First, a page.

Top Seed Open Loses Its Top Seed, Williams Stunned

WASHINGTON, August 15, 2020 (by Michael Dickens)

The last time Serena Williams lost to a player ranked outside of the Top 50 was back in 2017 to Madison Brengle at Auckland. You have to reach back further to find the last time she lost to someone outside the Top 100 like she did against 116th-ranked Shelby Rogers on Friday. It was eight years ago at Roland Garros and the opponent was No. 111 Virginie Razzano.

While Rogers has struggled against Top 10 competition, posting just a 2-8 career record before she played Williams in a rain-delay quarterfinal match at the WTA Top Seed Open presented by Bluegrass Orthopaedics in Lexington, Ky., the American wild card from Charleston, S.C., came in with the mentality of “if you don’t think you can win …”

Well, as it turns out, Rogers did think she could win – and she did, coming back from a set down to stun Williams 1-6, 6-4, 7-6 (5), in two hours and seven minutes. The start of the match was delayed three hours by rain. It marked the first time Rogers had faced Williams and while it wasn’t always pretty, with her victory she’s in very select company as someone with a career winning record against the 23-time Grand Slam champion.

During her post-match Zoom video conference, Rogers said it was important for her going on court think she could win “and knowing I could take care of my service games. Because [Williams] has probably the best serve of all time, and when she wants to, she can win a point on her serve.”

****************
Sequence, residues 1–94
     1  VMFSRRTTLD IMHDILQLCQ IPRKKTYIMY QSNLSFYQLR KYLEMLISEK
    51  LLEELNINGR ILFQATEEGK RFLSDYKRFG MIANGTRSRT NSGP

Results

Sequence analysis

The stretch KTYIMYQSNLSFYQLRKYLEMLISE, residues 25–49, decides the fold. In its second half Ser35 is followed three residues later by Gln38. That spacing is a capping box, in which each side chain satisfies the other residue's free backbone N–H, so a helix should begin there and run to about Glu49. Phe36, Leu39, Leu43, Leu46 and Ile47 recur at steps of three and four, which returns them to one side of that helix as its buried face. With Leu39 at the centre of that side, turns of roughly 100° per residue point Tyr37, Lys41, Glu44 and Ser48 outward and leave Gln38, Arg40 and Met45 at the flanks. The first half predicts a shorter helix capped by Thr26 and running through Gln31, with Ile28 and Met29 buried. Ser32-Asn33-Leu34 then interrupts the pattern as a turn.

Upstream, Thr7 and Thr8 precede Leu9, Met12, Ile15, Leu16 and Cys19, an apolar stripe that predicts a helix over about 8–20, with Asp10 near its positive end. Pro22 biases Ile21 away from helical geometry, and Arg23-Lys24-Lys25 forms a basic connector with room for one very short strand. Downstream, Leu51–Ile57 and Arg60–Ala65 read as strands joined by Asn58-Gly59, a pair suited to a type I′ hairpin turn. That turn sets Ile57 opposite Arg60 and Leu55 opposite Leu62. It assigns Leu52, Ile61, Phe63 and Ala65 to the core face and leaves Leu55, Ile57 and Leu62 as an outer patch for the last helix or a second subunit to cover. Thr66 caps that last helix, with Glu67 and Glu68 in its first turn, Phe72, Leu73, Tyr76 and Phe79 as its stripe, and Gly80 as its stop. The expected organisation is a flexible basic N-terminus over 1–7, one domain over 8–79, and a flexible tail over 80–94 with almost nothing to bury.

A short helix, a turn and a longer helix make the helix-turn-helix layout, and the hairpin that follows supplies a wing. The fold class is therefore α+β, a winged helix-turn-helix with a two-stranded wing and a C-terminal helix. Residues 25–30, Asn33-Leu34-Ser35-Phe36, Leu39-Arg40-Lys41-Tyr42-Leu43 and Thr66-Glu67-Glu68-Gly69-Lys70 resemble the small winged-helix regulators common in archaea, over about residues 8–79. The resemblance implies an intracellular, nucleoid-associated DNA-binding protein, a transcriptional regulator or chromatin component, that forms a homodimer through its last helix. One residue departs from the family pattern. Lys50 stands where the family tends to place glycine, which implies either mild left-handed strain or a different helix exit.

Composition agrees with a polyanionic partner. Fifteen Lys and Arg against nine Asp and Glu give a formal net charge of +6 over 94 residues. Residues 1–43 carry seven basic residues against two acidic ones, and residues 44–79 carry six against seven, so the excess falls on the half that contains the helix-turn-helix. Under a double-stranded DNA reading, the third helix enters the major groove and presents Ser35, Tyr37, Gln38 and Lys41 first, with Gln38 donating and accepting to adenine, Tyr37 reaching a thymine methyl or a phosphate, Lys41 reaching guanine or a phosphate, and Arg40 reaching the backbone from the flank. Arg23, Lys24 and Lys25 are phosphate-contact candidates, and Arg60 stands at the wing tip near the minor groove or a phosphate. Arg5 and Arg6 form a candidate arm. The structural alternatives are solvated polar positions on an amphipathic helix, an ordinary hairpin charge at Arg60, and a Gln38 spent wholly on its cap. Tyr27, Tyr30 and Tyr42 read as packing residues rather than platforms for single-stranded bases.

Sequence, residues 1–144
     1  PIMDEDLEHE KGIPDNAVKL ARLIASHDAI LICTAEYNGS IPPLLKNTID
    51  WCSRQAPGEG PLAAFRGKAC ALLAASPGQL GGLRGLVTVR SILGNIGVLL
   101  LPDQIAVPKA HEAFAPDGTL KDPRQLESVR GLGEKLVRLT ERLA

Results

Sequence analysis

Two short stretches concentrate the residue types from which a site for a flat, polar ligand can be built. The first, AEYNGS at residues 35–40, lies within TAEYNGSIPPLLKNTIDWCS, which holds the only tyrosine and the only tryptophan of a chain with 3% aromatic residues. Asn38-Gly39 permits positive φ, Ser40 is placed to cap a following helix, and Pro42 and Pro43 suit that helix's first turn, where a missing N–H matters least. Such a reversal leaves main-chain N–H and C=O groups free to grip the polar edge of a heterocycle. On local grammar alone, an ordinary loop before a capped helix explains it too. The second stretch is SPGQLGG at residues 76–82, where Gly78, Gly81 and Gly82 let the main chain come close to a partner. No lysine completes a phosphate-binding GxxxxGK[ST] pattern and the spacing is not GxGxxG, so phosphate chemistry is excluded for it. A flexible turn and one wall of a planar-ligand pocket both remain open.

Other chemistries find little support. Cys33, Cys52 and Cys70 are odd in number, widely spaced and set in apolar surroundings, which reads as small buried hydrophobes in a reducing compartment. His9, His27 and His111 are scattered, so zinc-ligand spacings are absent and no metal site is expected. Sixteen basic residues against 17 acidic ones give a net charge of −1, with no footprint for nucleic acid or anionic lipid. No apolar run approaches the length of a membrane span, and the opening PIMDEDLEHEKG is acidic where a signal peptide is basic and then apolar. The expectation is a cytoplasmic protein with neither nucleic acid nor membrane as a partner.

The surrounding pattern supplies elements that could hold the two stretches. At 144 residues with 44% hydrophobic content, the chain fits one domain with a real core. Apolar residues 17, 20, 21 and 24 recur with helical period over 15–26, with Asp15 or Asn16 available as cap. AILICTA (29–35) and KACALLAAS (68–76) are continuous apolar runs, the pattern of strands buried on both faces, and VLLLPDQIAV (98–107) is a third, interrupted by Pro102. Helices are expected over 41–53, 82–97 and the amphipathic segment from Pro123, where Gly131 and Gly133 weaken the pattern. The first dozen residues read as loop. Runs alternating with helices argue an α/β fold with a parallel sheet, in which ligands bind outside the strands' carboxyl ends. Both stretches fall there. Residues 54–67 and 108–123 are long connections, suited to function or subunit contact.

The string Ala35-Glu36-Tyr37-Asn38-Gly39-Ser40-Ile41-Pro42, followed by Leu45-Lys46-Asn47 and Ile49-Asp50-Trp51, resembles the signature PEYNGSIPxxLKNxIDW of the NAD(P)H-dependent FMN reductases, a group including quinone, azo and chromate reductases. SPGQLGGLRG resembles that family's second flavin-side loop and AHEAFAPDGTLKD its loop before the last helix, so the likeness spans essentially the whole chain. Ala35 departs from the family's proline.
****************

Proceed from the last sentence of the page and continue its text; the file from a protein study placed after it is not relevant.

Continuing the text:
Williams, who was playing in her third three-set match of the tournament, won points often on her first serve – at a 79 percent clip including three aces – and was broken only once.

“I just tried to control what I could control, and that’s mostly my service games,” said Rogers, who won 12 of the 14 games on her serves, “and then, if I had an opportunity, I tried to capitalize. I think the few that I did have today, I was able to do that.”

Rogers won 78 percent of her first-serve points and 68 percent overall. She matched Williams in many different statistical categories. Surprisingly, though, she was outpointed by Williams 89-83.

When she was asked what turned the match around in her favor, Rogers said, “I changed the way I was playing a little bit in the second and third [sets]. I was missing too much in the first, going for too much. I just tried to, honestly, make balls in the second. I don’t think anybody’s really playing their best tennis right now. So, it’s just really finding a way to win, get one more ball back in.”

Teichmann prevails on seventh match point

On Saturday, Rogers will face unseeded No. 63 Jil Teichmann of Switzerland. While Teichmann’s win Thursday over No. 5 seed Yulia Putintseva, ranked 33rd, was her first victory over a Top 100 player this year, her 6-2, 6-4 win over American Catherine “CiCi” Bellis on Friday ensured her of reaching her first hard-court semifinal.

While Teichmann has enjoyed past success on clay, winning two titles last year, at Palermo and Prague, she decided to come to Lexington in order to get match ready on hard courts in anticipation of playing in New York at the Western & Southern Open and the US Open.

Although Teichmann wrapped up her win over the 302nd-ranked Bellis in one hour and 21 minutes, it took seven match points to wrap up the victory. Just one game before she won, Teichmann and Bellis battle through a 26-point marathon game that lasted 17 minutes and featured six match point opportunities for Teichmann and five break points for Bellis. Match point No. 6 featured a back-and-forth, 14-shot rally that Bellis won to temporarily halt Teichmann.